BOOKER T. WASHINGTON - MANUSCRIPT LETTER SIGNED 10/28/1901 - HFSID 175416
BOOKER T. WASHINGTON Booker T. Washington sends a manuscript letter about his last report to the board of trustees. Manuscript Letter Signed: "Booker T. Washington" as President of Tuskegee Institute, 1p, 6x9½. Tuskegee, Alabama, 1901 October 28.
Sale Price $637.50
BOOKER T. WASHINGTON
Booker T. Washington sends a manuscript letter about his last report to the board of trustees.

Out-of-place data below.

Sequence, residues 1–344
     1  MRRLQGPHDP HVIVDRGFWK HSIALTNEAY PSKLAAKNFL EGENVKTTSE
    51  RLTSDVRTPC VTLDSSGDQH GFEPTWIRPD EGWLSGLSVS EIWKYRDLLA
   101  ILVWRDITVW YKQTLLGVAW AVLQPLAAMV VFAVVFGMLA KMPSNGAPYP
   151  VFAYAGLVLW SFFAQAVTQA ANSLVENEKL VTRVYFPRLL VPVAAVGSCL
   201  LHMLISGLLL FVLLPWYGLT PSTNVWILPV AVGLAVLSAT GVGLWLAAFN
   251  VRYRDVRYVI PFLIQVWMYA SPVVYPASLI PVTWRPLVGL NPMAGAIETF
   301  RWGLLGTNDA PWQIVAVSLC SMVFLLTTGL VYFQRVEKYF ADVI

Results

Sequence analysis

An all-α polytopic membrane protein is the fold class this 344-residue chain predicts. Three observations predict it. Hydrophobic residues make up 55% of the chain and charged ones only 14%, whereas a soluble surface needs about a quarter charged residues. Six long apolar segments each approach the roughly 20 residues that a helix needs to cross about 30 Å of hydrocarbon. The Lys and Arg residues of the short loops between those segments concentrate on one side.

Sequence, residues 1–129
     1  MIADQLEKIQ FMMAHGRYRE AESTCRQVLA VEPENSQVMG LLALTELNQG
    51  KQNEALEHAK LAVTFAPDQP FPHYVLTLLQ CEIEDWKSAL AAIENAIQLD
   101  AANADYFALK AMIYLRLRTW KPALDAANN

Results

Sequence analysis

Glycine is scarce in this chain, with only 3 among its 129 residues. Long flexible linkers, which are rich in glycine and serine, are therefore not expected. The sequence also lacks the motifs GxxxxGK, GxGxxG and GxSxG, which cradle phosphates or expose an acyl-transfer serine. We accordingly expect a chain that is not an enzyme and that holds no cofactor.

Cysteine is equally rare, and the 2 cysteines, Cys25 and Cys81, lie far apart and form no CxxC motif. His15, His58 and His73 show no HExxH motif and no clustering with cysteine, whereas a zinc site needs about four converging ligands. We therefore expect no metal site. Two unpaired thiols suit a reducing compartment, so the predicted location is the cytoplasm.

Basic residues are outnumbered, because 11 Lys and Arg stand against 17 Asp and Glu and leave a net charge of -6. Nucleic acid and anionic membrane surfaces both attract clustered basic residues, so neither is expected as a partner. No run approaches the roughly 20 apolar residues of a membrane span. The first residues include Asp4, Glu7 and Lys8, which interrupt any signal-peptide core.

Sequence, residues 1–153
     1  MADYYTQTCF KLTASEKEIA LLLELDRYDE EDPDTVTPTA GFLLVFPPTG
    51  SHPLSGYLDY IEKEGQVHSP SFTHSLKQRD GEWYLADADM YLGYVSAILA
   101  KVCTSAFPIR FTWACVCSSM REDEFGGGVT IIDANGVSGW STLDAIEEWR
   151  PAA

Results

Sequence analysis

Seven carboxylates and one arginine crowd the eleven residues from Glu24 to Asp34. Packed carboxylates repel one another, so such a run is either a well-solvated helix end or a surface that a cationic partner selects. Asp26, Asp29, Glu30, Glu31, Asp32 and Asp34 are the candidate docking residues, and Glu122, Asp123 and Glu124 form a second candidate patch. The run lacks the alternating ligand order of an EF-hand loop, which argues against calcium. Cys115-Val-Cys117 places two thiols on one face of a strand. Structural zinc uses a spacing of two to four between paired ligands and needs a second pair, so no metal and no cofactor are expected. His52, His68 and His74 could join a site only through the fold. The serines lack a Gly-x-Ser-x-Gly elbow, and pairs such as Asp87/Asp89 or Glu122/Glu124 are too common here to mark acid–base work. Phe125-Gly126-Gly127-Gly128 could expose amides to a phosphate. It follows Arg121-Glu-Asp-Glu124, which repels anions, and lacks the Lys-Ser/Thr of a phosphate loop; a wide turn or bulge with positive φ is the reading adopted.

Manuscript Letter Signed: "Booker T. Washington" as President of Tuskegee Institute, 1p, 6x9½. Tuskegee, Alabama, 1901 October 28. On letterhead of the Tuskegee Normal and Industrial Institute Incorporated for the Training of Colored Young Men and Women to Rev. J.C. Alvord, Woonsocket, R.I. Begins: "Kind Friend". In full: "Enclosed I send you a copy of my last report to the board of trustees. I hope that you may find time to read it. May I thank you again for your help and interest." Booker T. Washington signed below his comments about his son. Booker T. "Baker" Washington Jr. (1887-1945). Along with his general education, Baker, so called to distinguish him from his father, was interested in a brick-maker's trade from an early age: Baker began the road to mastering this trade at Tuskegee when he was enrolled in the training school in 1893. In the early 1900's, Washington Sr. published his autobiography, Up from Slavery (1901). By this time in his life, he had established milestones for the education of black people. Washington had been selected to oversee the development of Tuskegee Normal and Industrial Institute in 1881; it became his life's work and a monument to his efforts. He became the Institute's first president (1881) and its accredited founder. He expanded upon two dilapidated buildings with no equipment until his death, at which time the campus included more than 100 well-equipped buildings, 200 teachers - including the agricultural genius. George Washington Carver - and an endowment of nearly $2,000,000.00 Washington believed education and a practical trade would enable blacks to progress and contribute to society. He became a great lecturer and spokesman of the Negro and constantly endeavored to improve their situation. Shaded at folds, nicked at lower horizontal fold at left and right margins. Silked on verso.
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